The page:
Israel is a state unlike many others. Its status is exceptional. Its boundaries are variable depending on military necessity. It is not a state of its citizens, making it an extreme outlier compared to the rest of the world. Instead, it is the state of the Jewish people, a not so subtle or unimportant distinction.

The religious right hold a substantial amount of power both politically and socially. But probably most importantly, the state is highly militarised. And this reaches right down through all the layers of Israeli society. It is a military society par excellence.

Netta Barzilai, Israel’s entry for Eurovision last year and who won the competition is herself a military veteran. As are the majority of Israelis. This is because military service is mandatory.

But not only are the Israelis that Sarah McTernan is expected to perform for either currently in the military or former members, the majority of them believe in an Israeli-Jewish ascendency.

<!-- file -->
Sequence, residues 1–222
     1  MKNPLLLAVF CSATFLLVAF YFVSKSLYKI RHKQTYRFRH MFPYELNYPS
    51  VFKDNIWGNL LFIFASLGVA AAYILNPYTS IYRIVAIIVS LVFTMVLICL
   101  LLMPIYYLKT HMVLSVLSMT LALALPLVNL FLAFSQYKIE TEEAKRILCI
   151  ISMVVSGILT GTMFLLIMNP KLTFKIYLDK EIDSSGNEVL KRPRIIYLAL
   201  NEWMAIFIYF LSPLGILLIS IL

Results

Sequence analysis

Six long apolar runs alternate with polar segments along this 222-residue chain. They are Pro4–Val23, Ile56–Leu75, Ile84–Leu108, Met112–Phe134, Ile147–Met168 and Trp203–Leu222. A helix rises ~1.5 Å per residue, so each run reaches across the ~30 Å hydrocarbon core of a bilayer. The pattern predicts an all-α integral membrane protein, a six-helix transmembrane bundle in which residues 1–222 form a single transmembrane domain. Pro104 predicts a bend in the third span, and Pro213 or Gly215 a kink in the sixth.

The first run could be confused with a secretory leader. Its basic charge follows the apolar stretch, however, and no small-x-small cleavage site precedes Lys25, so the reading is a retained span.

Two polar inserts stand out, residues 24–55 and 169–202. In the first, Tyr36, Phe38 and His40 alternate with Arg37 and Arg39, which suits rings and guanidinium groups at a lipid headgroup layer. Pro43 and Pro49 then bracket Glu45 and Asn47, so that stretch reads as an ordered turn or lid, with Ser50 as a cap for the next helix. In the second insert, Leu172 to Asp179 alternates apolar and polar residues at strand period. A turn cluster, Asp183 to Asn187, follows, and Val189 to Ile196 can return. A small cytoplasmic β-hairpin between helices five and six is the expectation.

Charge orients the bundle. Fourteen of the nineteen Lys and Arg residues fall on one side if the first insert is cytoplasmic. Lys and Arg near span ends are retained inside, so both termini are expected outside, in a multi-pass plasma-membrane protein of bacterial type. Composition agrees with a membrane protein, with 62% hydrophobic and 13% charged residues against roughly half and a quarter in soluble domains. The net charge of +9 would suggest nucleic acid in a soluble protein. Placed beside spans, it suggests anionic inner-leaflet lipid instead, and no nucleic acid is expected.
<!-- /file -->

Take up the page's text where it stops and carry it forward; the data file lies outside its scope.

Most Israelis believe “crucial decisions on security matters should only be made by a Jewish majority vote”.  A majority also believe “a Jewish majority vote is essential for decisions pertaining to economy or society”.

At the same time, and unsurprisingly, the Israeli military is the most trusted institution in Israeli society. It is a modern Sparta.

This is hardly surprising given the militarisation of the state. And all of this is without taking into account the treatment of the Palestinians.

This is why Eurovision will be such a propaganda victory for Israel if the competition goes ahead. And it is also why calls for McTernan to pull out of the competition should be taken seriously.